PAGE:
firm grounding in the technical basis of composition, while the boy earned a
living for himself by playing the piano in dockside taverns. In 1851 Brahms met
the Hungarian violinist Reményi, who introduced him to Hungarian dance music.
Two years later he set out in his company on his first concert tour, their
journey taking them, on the recommendation of the violinist Joachim, to Weimar,
where Franz Liszt held court, a visit from which Reményi profited, while Brahms
failed to impress the Master. Later in the year Brahms met Schumann, again
through Joachim's agency. The meeting was a fruitful one.
In 1849 Robert Schumann had moved with his pianist wife Clara to
Düsseldorf as director of music, the first official appointment of his career.
In the music of Brahms that he now heard he detected a promise of greatness and
published his views in the journal he had once edited, the Neue Zeitschrift
für Musik, declaring Brahms the long-awaited successor to Beethoven. In the
following year Schumann, who had long suffered from periods of intense
depression, attempted suicide. His final years, until his death in 1856, were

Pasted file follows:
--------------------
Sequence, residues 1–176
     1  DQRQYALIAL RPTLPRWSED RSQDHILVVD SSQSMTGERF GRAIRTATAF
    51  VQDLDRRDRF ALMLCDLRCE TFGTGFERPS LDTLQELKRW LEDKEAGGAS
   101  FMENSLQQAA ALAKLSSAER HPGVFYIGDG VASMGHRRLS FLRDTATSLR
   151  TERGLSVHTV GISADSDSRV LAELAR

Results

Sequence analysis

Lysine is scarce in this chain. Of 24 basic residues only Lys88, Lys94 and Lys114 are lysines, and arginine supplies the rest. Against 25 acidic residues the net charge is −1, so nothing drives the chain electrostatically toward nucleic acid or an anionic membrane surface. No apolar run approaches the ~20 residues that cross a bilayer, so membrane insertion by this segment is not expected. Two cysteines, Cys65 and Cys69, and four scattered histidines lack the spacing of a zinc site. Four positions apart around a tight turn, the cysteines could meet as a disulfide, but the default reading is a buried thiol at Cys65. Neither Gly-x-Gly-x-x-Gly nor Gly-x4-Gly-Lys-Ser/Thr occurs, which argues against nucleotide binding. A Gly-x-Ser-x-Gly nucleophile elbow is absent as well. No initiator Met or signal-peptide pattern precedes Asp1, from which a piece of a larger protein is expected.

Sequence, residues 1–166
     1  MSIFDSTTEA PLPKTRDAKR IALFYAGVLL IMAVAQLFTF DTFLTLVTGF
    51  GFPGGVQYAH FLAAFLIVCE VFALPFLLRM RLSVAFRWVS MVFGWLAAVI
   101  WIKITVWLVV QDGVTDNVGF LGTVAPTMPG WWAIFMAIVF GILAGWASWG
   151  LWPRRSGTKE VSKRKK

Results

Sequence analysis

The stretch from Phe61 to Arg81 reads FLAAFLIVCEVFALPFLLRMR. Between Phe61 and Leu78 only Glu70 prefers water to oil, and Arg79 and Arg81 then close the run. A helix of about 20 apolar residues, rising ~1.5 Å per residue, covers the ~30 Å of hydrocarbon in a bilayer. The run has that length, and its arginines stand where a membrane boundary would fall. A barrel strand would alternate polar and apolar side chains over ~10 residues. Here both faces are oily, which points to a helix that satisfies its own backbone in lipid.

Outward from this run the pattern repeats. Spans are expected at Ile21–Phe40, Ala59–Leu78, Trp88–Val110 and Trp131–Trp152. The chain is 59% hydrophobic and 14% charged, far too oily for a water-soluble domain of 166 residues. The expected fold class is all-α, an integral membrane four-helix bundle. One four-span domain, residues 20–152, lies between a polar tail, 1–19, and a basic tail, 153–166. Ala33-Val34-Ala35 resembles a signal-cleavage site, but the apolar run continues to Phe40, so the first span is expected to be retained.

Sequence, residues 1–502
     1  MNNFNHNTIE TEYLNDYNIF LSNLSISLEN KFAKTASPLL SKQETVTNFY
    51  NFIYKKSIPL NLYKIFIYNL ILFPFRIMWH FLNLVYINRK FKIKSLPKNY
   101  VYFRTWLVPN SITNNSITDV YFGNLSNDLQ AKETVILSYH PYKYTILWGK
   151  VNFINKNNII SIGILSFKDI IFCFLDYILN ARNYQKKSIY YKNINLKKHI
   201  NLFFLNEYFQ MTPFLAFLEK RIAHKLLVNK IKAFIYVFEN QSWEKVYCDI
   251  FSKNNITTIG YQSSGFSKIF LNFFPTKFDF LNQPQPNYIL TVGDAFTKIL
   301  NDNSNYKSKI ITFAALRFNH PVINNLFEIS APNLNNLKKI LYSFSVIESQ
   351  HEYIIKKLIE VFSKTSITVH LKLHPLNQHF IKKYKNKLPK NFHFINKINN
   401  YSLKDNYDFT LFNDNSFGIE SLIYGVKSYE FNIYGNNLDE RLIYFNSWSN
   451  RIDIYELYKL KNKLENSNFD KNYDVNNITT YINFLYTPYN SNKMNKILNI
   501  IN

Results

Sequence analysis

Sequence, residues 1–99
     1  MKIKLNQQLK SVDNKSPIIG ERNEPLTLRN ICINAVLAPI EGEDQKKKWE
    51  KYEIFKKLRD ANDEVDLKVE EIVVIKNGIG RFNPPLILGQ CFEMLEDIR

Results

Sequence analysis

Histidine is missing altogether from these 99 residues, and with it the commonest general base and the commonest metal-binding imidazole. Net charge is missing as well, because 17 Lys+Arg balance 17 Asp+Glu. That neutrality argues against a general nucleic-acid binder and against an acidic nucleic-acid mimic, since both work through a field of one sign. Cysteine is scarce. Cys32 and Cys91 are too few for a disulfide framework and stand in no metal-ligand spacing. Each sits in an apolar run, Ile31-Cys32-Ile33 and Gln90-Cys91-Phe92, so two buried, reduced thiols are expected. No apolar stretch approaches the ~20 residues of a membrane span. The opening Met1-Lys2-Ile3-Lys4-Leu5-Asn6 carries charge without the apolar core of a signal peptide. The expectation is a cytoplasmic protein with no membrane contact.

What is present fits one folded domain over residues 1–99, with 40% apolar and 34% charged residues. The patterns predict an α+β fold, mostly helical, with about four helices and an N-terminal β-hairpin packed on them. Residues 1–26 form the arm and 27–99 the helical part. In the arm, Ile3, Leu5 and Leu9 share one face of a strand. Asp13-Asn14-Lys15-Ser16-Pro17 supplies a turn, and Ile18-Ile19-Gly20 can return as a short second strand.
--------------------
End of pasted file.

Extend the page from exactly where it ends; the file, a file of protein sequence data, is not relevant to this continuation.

to be spent in an asylum, while Brahms rallied to the support of Clara Schumann
and her young family, remaining a firm friend until her death, shortly before
his own in 1897.
Brahms had always hoped that sooner or later he would be able to return
in triumph to a position of distinction in the musical life of Hamburg. This
ambition was never fulfilled. Instead he settled in Vienna in 1863 and established
himself there, seeming to many to fulfil, as the years went by, Schumann's
prophecy, much to the chagrin of Wagner and his supporters, who saw the
succession to Beethoven in a very different light. Unlike the latter, Brahms
attempted no Gesamtkunstwerk and no amalgamation of the arts, as Liszt
had attempted in his symphonic poems. To his friends Brahms seemed the champion
of pure or abstract music without any extra-musical associations.
'The long terror' was Brahms's description of his second piano concerto,